When it comes to accessing content systems, 28% have access across three or more devices, although this may be view-only access. This is inhibiting to those looking to work with ECM-stored documents when traveling.
Mobile Promises Quick ROI
The benefits of mobile are well-documented. It provides employees with flexible mobile working and enables them to work from various locations. Email access on a mobile is now the norm. But the ability to interact with content, workflows, and approvals and to collaborate with colleagues 24/7, regardless of time zones, appears to be still on the drawing board for some.
Mobile ECM is the way forward. Data is available much more quickly when it is linked into back-office processes. At the same time, back office support staff are able to stay abreast of customer and partner interactions. This results in improved productivity and customer service. In addition, 76% of enterprises using mobile ECM are seeing a return on investment (ROI) within in 18 months of deployment. This has to be a no-brainer. Yet 17% of survey respondents said they are not looking at mobile ECM at all!
The Road to mobile ECM
Although just 5% of survey respondents employ anything that looks like a Chief Mobile Officer (CMOO) role, more than seven in 10 agree that there should be a single person with responsibility for mobile innovation. The good news here is that there is a perception that much can be done to enhance the use of mobile ECM within the enterprise. But what practical measures can be used in the creation of a mobile ECM roadmap for end users?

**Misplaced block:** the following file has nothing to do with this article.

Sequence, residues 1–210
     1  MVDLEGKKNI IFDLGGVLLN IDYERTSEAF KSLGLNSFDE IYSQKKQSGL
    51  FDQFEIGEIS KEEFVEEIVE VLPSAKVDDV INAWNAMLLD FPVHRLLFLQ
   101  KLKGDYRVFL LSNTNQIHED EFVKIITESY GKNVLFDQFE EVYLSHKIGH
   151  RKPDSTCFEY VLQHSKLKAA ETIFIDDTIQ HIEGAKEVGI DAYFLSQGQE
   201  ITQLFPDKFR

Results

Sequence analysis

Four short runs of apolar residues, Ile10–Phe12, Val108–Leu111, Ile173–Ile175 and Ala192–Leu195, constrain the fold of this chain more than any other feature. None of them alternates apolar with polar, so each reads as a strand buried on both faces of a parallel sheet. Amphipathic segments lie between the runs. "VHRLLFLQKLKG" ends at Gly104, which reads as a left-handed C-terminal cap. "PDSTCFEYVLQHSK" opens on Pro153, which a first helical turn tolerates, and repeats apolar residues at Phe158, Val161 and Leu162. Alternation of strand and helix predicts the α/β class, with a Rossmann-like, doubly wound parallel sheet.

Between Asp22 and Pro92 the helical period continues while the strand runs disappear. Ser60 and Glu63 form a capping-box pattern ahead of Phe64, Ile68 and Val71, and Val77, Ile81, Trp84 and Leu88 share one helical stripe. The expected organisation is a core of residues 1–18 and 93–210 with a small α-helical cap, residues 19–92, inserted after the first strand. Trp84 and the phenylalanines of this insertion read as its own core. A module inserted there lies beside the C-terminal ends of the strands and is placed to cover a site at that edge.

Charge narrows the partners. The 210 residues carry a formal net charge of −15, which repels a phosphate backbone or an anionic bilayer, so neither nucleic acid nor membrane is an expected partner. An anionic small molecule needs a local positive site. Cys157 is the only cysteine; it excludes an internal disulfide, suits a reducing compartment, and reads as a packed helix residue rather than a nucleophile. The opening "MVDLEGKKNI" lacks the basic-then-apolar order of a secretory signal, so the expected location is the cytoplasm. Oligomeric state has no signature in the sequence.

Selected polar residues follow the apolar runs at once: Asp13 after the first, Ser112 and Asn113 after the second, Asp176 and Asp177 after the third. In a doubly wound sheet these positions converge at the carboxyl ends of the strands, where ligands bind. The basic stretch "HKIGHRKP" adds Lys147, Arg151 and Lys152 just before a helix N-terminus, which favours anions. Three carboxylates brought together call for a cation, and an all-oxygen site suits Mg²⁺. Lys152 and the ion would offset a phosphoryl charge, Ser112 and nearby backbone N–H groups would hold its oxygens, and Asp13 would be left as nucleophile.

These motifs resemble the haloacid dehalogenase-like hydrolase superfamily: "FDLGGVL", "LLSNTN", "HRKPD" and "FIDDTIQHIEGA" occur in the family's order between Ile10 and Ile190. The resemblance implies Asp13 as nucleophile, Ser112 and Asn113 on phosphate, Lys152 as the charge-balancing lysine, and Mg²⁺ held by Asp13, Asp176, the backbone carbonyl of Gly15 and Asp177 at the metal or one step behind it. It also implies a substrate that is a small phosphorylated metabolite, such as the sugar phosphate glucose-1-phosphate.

- Advance access to corporate content – Make sure that employees have full access to corporate content from mobile devices, so that they can capture, edit, comment and share content.
- Don’t let security be a barrier to the adoption of mobile projects – Use MDM or MAM platforms, and use external support rather than simply expect your in-house developers to be security experts.
- Highlight the importance of mobile applications within your business – This is particularly important where competition may gain the competitive edge. This could be a threat to your entire business model. Consider whether you should have a ‘Chief Mobile Officer’ in place.
- Analyze every process with mobile in mind – Look at where mobile can help processes in your business become more efficient.
The mobile revolution has changed the way people work forever. The good news is that many organizations have acknowledged this and mobile has emerged as the biggest area for future ECM investment.
There is more content than ever before, and it is only going to keep growing. So using the best ways to manage that content, get the most value from it, and empower workers to work more effectively just has to make sense.
John Mancini is an author, speaker, and respected leader of the AIIM global community of information professionals. He believes that in the next five years, a wave of digital transformation will sweep through businesses and organizations, who will face a fundamental choice between information opportunity and information chaos. For more information: www.aiim.org